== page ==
Gamers, your weekend has arrived. Gamicon, Iowa’s longest-running gaming convention, kicks off this Friday at 1 p.m. in downtown Iowa City.
Located at the Sheraton Hotel, the convention runs until Sunday at 3 p.m., and offers attendees a slew of board games, card and dice games, role-playing games and (of course) video games to sink their teeth into. Visitors are encouraged to learn new games, play for fun or even enter a tournament for the chance to win prizes. This year will also include a costume contest — a new addition for Gamicon.
On-site registration (located in the lower level of the Sheraton Hotel) will be available throughout the event, with passes ranging from $5-25.
Gamicon — a non-profit — encourages attendees to bring in their own games to teach, play or donate to the auction. All proceeds from the convention, including money from the auction, go to the upkeep of the convention and the Veteran’s Administration Hospital of Iowa City.
Every year, Gamicon also features special guests, and this year includes Dan Proctor of Goblinoid Games and Tyler Walpole, an Iowa City artist who has done work for various comics and games. The guests run games of their choosing.
“It’s an amazing treat to play a game with the creator/developer of said game!” said Gamicon committee member Ryan Smith-Burns.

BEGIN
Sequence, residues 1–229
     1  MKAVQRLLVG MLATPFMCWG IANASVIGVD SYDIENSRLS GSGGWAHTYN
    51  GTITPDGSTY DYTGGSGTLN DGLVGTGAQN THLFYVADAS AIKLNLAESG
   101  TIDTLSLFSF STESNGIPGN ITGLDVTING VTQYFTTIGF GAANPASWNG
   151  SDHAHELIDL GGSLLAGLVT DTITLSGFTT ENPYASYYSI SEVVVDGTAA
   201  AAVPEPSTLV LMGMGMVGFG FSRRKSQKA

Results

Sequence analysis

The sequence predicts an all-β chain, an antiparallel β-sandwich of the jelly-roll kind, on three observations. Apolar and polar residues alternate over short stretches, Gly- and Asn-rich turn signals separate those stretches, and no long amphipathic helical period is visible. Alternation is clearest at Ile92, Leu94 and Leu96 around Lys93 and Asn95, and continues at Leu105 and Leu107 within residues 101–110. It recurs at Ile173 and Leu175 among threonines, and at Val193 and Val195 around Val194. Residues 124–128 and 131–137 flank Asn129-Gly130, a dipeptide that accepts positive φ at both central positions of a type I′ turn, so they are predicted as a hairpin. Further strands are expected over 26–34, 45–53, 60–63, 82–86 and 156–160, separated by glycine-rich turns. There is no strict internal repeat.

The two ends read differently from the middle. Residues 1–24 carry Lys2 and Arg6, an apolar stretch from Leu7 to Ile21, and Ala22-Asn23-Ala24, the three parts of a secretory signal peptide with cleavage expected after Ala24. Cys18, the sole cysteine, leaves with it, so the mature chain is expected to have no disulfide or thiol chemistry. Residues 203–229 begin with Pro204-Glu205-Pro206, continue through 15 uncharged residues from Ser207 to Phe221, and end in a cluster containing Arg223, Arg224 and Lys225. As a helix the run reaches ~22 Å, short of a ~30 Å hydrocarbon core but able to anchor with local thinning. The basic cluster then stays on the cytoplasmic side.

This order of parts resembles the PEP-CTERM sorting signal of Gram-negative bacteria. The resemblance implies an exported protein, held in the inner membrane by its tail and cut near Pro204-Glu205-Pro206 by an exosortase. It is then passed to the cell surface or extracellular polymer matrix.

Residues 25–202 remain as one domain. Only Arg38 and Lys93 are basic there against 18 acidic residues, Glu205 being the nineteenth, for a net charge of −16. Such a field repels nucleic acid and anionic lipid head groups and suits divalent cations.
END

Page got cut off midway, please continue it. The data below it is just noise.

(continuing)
This year is the 24th installment of Gamicon, but their first year in the Sheraton, after spending many years in the Iowa Memorial Union.
“The IMU was unsure that construction in/around the main ballroom would be completed by the time of our event. However, with the shift in venue, we’ve found a lot of new opportunities, like the option to hold later scheduled events,” said Smith-Burns.
Now, attendees have the option to reserve a room in the Gamicon block of the hotel for one of the nights or for the entire weekend. The Sheraton will also be able to hold more people than past years. Smith-Burns estimates around 450 attendees this year, which would be the most Gamicon has ever had.
Every year, Gamicon names their conventions after the corresponding Greek letter; this year is “Omega,” the 24th letter. Interestingly enough, it is also the final in the Greek alphabet, so Gamicon will be asking fans what next year’s “Gamicon 25” should be named.
“I’m sure that all those years ago, Gamicon Alpha’s staff did not expect this to continue into figuring out another numbering scheme, but we are very proud to continue their tradition of providing uplifting gaming experiences to a varied audience,” said Smith-Burns.